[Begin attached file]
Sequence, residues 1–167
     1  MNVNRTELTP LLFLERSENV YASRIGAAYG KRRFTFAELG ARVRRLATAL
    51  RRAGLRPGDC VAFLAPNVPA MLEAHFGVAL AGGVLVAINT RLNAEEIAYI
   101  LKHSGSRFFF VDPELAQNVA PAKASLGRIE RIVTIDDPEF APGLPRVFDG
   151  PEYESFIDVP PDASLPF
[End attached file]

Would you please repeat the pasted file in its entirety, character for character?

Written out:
Sequence, residues 1–167
     1  MNVNRTELTP LLFLERSENV YASRIGAAYG KRRFTFAELG ARVRRLATAL
    51  RRAGLRPGDC VAFLAPNVPA MLEAHFGVAL AGGVLVAINT RLNAEEIAYI
   101  LKHSGSRFFF VDPELAQNVA PAKASLGRIE RIVTIDDPEF APGLPRVFDG
   151  PEYESFIDVP PDASLPF